(Pythagoras): "And if you find these things amazing, strange, consider still another striking change – the way that the hyena alternates: now she's a female mounted by a male, and now becomes herself the male who mounts." (15.408-410)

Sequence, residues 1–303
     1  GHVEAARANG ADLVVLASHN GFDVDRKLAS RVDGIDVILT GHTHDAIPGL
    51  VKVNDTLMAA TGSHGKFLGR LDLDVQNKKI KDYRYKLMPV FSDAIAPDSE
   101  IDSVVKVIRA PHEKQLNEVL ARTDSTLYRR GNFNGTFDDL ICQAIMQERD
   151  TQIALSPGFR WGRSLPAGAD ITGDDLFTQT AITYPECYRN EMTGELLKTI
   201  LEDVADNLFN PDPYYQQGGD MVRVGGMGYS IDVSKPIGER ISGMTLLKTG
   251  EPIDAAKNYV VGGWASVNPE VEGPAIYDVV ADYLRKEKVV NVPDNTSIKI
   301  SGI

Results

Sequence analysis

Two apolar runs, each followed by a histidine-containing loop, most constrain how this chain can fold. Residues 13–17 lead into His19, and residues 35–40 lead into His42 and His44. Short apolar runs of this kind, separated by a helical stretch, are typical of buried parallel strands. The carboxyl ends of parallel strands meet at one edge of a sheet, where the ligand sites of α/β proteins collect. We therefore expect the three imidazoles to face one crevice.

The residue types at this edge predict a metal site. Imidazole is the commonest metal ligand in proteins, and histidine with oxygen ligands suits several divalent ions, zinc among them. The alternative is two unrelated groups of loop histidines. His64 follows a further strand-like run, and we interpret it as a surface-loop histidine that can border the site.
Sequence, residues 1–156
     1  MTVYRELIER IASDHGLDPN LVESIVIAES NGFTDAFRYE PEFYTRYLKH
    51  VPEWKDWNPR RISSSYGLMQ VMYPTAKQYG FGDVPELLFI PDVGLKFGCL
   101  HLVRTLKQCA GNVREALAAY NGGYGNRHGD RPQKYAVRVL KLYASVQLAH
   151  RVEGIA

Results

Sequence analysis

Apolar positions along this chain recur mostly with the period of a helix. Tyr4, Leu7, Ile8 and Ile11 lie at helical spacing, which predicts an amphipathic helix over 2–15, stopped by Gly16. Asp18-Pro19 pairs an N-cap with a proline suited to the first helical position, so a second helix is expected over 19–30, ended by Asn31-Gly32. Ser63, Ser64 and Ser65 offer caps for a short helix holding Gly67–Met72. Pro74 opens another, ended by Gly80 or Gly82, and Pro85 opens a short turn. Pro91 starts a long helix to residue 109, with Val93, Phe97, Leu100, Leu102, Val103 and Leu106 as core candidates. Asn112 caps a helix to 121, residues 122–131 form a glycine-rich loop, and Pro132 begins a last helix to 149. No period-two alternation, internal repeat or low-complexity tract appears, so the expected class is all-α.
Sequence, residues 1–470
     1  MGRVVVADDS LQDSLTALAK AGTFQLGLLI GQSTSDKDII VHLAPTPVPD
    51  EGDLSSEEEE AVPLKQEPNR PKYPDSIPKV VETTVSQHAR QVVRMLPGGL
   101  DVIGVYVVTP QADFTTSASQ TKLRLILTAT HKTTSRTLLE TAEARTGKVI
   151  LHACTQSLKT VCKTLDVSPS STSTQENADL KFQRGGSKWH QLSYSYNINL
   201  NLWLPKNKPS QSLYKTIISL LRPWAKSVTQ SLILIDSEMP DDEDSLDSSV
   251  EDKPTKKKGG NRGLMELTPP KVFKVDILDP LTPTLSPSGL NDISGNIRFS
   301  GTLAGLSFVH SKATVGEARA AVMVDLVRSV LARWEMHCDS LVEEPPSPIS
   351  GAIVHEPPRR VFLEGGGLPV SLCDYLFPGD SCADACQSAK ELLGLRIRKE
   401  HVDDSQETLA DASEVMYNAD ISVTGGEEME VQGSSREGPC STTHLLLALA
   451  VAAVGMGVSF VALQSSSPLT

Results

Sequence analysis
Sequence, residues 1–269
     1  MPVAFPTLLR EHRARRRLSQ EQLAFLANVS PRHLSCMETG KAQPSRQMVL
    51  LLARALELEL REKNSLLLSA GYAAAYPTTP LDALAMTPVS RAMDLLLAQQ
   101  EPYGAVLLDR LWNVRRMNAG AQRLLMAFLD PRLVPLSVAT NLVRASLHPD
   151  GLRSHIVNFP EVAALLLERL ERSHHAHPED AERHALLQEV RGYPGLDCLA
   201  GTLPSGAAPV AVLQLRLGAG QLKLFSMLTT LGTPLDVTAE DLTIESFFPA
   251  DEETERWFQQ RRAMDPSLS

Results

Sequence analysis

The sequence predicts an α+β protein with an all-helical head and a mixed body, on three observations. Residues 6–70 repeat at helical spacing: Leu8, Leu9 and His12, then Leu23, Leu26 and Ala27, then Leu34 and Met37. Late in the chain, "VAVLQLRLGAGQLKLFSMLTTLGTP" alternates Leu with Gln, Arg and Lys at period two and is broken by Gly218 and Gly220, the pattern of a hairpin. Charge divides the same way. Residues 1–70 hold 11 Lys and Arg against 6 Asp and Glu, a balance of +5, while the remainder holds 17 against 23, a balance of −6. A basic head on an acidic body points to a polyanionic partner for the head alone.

According to modern biology, Pythagoras's claim about hyenas is untrue. But this doesn't matter very much, because Ovid's poem is a work of literature, where factual truth isn't really the point. What matters is how Pythagoras's claim fits in with the work as a whole. We at Shmoop think his remark is most interesting because it offers a parallel from the natural (i.e., non-human) world for some of the human sex and gender fluidity that happens elsewhere in the poem. What's your take?